Blood Test may Determine Return of Breast Cancer
A recent study conducted by researchers from the Johns Hopkins Kimmel Cancer Center has accurately detected the presence of advanced breast cancer cells in some patients, via a blood test.
This new test dubbed cMethDNA assay was successful in detecting the presence of DNA in the blood of patients with metastatic breast cancers up to 95 percent of the time.
"Currently, there is no useful laboratory test to monitor patients with early stage breast cancer who are doing well, but could have an asymptomatic recurrence," said Saraswati Sukumar, Ph.D., who is the Barbara B. Rubenstein Professor of Oncology and co-director of the Breast Cancer Program at the Johns Hopkins Kimmel Cancer Center, via a press release. "The goal is to develop a test that could be administered routinely to alert the physician and patient as soon as possible of a return of the original cancer in a distant spot. With the development of cMethDNA, we've taken a first big step toward achieving this goal."
In a clinical study published last year that examined the samples of more than 500 women, the test correctly identified the presence of abnormal breast cancer with 95 percent sensitivity and 50 percent specificity. With added antigens to the study, researchers said they hope to continue to increase the level of accuracy, according to medcitynews.com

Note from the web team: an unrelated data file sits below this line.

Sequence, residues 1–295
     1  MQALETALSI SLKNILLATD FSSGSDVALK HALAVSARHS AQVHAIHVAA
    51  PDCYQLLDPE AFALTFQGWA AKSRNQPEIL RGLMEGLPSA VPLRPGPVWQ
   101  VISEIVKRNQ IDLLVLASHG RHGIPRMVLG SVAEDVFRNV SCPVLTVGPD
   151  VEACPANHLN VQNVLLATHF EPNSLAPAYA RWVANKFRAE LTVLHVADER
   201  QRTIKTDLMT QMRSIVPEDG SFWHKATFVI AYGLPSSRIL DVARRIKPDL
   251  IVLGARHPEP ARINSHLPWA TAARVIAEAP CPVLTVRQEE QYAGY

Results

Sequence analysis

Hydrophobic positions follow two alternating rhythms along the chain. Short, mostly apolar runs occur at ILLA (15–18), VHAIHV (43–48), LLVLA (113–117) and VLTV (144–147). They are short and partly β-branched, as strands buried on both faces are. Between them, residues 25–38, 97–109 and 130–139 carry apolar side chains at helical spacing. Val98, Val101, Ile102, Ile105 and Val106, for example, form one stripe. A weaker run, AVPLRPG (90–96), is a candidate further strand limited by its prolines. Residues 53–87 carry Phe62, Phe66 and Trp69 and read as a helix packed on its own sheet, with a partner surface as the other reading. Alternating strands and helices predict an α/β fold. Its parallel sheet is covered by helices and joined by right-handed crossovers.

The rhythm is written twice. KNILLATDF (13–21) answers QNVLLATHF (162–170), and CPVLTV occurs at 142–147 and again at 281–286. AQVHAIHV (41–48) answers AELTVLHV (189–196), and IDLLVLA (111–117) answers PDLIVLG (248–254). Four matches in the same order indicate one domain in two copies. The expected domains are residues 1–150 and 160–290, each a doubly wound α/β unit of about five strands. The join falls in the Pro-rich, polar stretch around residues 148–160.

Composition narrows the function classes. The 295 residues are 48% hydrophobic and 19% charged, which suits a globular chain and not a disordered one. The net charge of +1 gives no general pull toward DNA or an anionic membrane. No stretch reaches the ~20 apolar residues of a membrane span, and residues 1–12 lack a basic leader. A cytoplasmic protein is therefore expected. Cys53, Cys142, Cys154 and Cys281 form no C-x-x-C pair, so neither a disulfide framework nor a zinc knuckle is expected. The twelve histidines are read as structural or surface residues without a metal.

They scanned the genomes of primary breast cancer patients along with DNA samples from the blood of metastatic cancer patients for the test. The 10 following genes were specifically altered in breast cancers: AKR1B1, COL6A2, GPX7, HIST1H3C, HOX B4, RASGRF2, as well as TM6SF1, RASSF1, ARHGEF7, and TMEFF2, which researchers had previously linked to primary breast cancer, according to the release.
"Our assay shows great potential for development as a clinical laboratory test for monitoring therapy and disease progression and recurrence," Sukumar added in the press release.
Researchers hope that further studies will confirm the validity of the findings. More information regarding the study can be found here.